*I realise Mexico is not technically part of Central America, but it is usually part of the common backpacker route. Plus drug/gang violence is an issue in Central America as well.
Use Caution in Capital Cities, especially in “The Northern Triangle”
When most people picture the dangers of Central America, they’re thinking of the Northern Triangle: Guatemala, Honduras, and El Salvador. These countries statistically hold the highest homicidal and kidnapping rates. The security in Honduras gets a particuarly bad rap, which is a shame considering the country also has some of the best diving in the world.
Most violent crimes are concentrated in the capital cities, and to be frank, these leave little to be desired for the common backpacker. Generally, you travel to these countries for the nature, not the capital cities. So if you find asking yourself the question “Is Central America safe?” A LOT – maybe head to nature and avoid cities except for transit purposes.
Gang violence and muggings concentrate in specific city zones depending on gang territories. Avoid these areas, and talk to locals and hostel managers for up-to-date info.
As awful as the gang violence is, it’s happening in big city neighbourhoods, not tourist towns. When it does affect tourists, it’s usually a “wrong place, at the wrong time” incident; however, for extra precaution, it’s best to avoid excess drinking/clubbing and late nights in the cities.
I’ve met many expats who live in these countries, and none of them have had any safety concerns. In my opinion, they’re all safe to travel if you keep your street smarts, and avoid specific zones in the big cities.
(Also, don’t miss out on backpacking in Guatemala – it’s my favourite Central American country, regardless of what’s on the news!)
How to Avoid Being a Victim of Crime in Central America
Everyone freaks out about homicides and extortion rates in Central America, but the truth is that most reported crimes in Central America are petty and opportunistic (i.e. muggings and car break-ins).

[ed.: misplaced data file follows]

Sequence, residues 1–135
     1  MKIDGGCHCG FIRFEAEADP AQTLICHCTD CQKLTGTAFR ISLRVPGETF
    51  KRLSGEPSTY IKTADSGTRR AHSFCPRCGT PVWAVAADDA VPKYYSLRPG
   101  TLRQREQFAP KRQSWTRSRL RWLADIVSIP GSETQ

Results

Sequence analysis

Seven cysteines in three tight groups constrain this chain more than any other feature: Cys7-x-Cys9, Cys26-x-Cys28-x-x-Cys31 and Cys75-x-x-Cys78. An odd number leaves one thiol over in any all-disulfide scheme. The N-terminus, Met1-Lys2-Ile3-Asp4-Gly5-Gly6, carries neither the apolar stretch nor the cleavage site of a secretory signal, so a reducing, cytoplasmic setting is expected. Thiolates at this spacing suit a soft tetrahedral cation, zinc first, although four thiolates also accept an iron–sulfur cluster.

Unfortunately, travellers will always be a target because thieves assume travellers have more money. If it’s not obvious, don’t wear designer brands, flashy watches, and jewellery, or carry expensive cameras/electronics in plain sight. And keep an eye on your belongings in crowded areas.
I’ve noticed most robberies occur away from public places when no one is around and valuables are left unattended. This includes quiet beaches, national parks, and hiking trails!
Trust your gut. If you feel uncomfortable, remove yourself from that situation/area.
Don’t walk alone at night, and keep your valuables locked up or in sight.
Most importantly, be aware of your surroundings, but try not to be overly paranoid. Yes, robberies happen, but most locals and travellers in Central America are warm, helpful people.
Check out Backpacker Safety 101 for more tips and tricks to stay safe whilst backpacking.
Learn from my Experience… Never Leave Valuables Unattended
“Pura vida,” the Ticas (Costa Ricans) say.
It means pure life in Spanish, and it’s the mantra every Tica lives by.
After 3 blissful months in Central America, I, admittedly, started backpacking Costa Rica with my guard down, expecting it to be the safest country in Central America. To my naivety, I was robbed on my second day in Costa Rica. Yes, second!
Here’s the story…
My boyfriend, best friends, and I rented a car to explore Costa Rica’s lesser known beaches.
We decided to check out a beach called “Playa Barrigona” based on locals’ recommendations. When we arrived, there weren’t many beach goers around, just a few locals, hula hoop dancers, and surfers. It seemed calm and safe enough, so we didn’t think twice about leaving our bags unattended.
An hour later we came back to a locked car and three missing bags, all of which contained our passports, wallets, and computers…
I’d be lying if I said, we were still rolling with the “Pura vida” mentality.
That entire week we dealt with insurance claims, police reports, and multiple detours to the US embassy for new passports. It was, to put it nicely, a stressful experience.
Some Crucial Safety Lessons for Central America
Silver lining? I learned a few valuable travel lessons when my stuff was jacked.